Read an Excerpt
Dunniwerth Castle, Scotland March, 1644
Anne tied the rope to the post erected for just such a purpose, then reached into the bottom of the boat for her basket.
She and Hannah had become friends in the fifteen years since a frightened child had gathered her courage and ignored myth, legend and the dictates of a father she adored.
As Anne had feared, her original journey across the loch had been discovered. Her father had, surprisingly, not prevented her visits to the wise woman. However, he had insisted that she learn to swim the loch, and be taught in the proper manner of rowing the small skiff.
Anne took her short cut through the trees, glancing at the odd circular building in the clearing as she did so. She'd discovered it on her third visit to the island. Once a year she and Hannah tended to this place, removing the weeds, straightening the stones that lay in front of the building. It seemed the proper thing to do. The small structure with its arched doorway and elaborately carved keystone looked to have once been a chapel. And the gravestones were sad markers that turned the clearing into a place of reverence.
Anne stepped through the opening in the scraggly bushes, past the large stone in the shape of a boot. Still further up a small incline, and she was there, the path to Hannah's door more worn but just as inviting as it had been all those many years before.
"You are late," Hannah said as she entered, her smile taking the sting from her words.
"You say that every time I come," Anne said, placing her basket on the table. "Just as I refute it."
"I am older than you. You are supposed to give merespect, not arguments."
Anne smiled at her friend. This, too, was a constant complaint. "You would dislike it if I conceded every point to you, Hannah. You would then have no one with whom to debate."
Hannah laughed, the gentle sound of it cascading through the cottage.
"You know me too well, Anne."
Anne smiled, placed her basket on the table. I have the flour you wished, Hannah, and a bit of honey from the cook. She says that she will take a few of your candles in trade."
"Will she?" A raised eyebrow accompanied the remark.
"You know, of course, that she sells them," Anne said, glancing at her friend. The years had been kind to Hannah. There were few white strands among her blond hair, and her face showed its lines only in the bright sunlight. At this moment, however, there was a furrow on her forehead. A precursor to irritation. She'd been the brunt of it too many times as a child not to know the sign.
Hannah nodded. "I've heard as much."
"Why, then, do you not confront her?"
"There are some situations that are better left alone, Anne."
"Because you never come to Dunniwerth?"
Hannah glanced at her. It was a subject rarely raised between them. Anne's curiosity occasionally bubbled beneath good manners and the empathy she felt for the older woman. Even as a child she'd known that there were some topics that made Hannah uncomfortable. Today, however, the answer was important. Not solely because of a cook with trickery on her mind.
"Your loyalty to me is admirable, Anne. But it is a trifling matter." Hannah turned away, busied herself with checking the rising of her dough.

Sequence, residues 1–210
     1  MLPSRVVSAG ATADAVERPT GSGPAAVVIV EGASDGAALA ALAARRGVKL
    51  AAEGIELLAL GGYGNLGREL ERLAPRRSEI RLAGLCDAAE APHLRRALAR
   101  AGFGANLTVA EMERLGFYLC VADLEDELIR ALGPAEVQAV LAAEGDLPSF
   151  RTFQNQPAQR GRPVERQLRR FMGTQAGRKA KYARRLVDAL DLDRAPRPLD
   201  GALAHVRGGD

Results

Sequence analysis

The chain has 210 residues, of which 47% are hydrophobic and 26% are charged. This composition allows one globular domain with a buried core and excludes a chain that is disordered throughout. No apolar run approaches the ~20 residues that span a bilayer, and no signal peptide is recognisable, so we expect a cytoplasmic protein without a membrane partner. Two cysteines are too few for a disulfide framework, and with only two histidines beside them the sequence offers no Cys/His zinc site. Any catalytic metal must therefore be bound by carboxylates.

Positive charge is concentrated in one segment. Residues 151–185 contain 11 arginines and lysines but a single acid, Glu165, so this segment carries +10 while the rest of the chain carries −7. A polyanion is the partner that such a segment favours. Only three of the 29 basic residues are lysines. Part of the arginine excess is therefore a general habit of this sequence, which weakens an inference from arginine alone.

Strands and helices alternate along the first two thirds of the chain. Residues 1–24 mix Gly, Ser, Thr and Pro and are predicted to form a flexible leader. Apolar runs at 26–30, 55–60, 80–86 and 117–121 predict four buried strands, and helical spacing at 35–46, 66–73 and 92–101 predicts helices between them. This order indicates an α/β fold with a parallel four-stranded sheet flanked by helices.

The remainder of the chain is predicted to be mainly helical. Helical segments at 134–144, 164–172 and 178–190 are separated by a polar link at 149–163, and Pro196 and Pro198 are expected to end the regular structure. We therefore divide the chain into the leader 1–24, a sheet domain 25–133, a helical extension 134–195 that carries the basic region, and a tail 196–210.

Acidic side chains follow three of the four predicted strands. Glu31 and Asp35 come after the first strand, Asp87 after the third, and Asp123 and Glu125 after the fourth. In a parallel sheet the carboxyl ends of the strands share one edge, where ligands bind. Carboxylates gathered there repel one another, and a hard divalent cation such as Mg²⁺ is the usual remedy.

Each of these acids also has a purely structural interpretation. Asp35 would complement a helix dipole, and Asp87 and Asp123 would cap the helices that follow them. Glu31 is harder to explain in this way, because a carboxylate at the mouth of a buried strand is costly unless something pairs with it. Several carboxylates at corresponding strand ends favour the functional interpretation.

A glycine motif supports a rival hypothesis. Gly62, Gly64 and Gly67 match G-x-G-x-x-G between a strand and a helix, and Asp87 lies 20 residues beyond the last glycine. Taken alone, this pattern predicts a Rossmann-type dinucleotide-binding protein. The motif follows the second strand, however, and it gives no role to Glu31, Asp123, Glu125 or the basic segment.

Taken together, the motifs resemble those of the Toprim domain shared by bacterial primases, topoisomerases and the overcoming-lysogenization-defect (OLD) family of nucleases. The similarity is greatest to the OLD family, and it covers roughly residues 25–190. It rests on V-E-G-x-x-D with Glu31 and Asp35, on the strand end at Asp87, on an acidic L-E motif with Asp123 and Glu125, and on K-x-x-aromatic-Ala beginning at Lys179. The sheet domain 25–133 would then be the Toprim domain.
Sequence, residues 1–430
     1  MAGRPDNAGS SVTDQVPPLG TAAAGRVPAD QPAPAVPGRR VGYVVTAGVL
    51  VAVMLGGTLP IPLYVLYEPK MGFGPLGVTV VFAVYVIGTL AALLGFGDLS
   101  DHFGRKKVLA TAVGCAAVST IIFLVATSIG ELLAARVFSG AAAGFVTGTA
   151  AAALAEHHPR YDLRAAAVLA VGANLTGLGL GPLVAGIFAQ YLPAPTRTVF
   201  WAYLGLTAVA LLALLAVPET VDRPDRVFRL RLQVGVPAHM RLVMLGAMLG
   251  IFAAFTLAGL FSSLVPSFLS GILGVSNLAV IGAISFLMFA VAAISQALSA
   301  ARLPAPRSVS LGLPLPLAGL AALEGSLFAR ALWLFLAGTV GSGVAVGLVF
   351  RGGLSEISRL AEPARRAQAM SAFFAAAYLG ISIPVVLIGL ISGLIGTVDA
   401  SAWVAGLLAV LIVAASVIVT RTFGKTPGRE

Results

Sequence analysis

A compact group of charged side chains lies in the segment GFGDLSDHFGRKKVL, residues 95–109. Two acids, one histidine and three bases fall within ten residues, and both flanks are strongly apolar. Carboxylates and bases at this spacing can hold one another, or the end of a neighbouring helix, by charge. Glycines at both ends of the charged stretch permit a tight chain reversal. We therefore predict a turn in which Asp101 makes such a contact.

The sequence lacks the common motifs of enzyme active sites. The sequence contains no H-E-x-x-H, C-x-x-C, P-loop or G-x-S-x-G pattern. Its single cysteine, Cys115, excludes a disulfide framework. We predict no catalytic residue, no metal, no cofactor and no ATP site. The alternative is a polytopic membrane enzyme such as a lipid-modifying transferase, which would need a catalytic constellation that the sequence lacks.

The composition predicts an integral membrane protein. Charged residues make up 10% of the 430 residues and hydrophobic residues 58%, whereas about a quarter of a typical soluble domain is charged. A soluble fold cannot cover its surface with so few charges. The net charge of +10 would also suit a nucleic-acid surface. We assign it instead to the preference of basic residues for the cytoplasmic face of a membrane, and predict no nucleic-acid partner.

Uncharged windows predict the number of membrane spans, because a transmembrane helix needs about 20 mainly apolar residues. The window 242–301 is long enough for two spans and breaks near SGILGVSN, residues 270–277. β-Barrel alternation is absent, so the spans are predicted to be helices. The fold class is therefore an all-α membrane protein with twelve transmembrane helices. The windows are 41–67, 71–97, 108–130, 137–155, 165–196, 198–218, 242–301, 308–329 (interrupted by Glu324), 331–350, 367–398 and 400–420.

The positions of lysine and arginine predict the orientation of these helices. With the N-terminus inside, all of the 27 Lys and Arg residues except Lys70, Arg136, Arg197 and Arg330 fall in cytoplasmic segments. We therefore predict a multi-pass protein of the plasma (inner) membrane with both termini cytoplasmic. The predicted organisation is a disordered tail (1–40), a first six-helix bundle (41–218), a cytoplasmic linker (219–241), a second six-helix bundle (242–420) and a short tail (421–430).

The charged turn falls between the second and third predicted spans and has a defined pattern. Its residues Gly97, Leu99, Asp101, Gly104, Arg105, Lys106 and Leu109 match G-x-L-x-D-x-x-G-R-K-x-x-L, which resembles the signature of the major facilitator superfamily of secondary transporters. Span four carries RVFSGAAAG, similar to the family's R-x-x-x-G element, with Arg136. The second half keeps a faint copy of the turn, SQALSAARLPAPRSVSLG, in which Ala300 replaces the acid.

Anne said nothing, only stared down at the surface of the table. The wood was scarred, and a few marks had been caused by her own youthful exuberance.
She walked to the lone window in the cottage, looked out over the clearing. It was a peaceful place, this glade. A friendly place to spend a life. Still, she could not help but wonder if it had been enough. But that was not a question she could ask. Instead, she spoke of other things, circling the true reason for this visit for a few moments.
"I saw him again last night," she said. Her voice did not betray how deeply the vision had moved her. She stood still and waited, however, for Hannah's words.
"It has been a while since the last time. I had hoped he would be gone for good."
Anne glanced over her shoulder. Hannah was looking at her, the frown hinted at now fixed in place.
"I remember when you were a child and terrified of him. When did it change?"
"I was never terrified of Stephen, Hannah," she said with a smile. "Only of what was happening to me." She'd seen him often enough over the years, a friend who'd visited her in the moment just before sleep.
Anne stared out at the view before her. A clearing, a small knoll of land surrounded by large trees. The day was chilly, spring was on the horizon but not yet here. There had been fog upon the loch this morning. Some days it wreathed the small cottage in a cloudlike miasma. She held her hands tight at her waist.
It might have been easier to have been granted the ability to hear thoughts or predict the future. She might have turned her skills to warning people of their fate, to issuing cautions. A child birth could be predicted, a marriage foretold, a crop saved. But what she saw was of no use to anyone.
Her visions were like looking through a window just as she did now. Only this view was of Stephen., living his fife. She could not choose what scenes. she might see. Nor had she any knowledge of when the window might open. At times she yearned see him. But the visions came when they willed, not when she wished.
She'd been captivated by the small glimpses into a life so alien from her own. He lived in a castle so unlike Dunniwerth that it had enchanted her. Langlinais. Even the sound of it seemed exotic.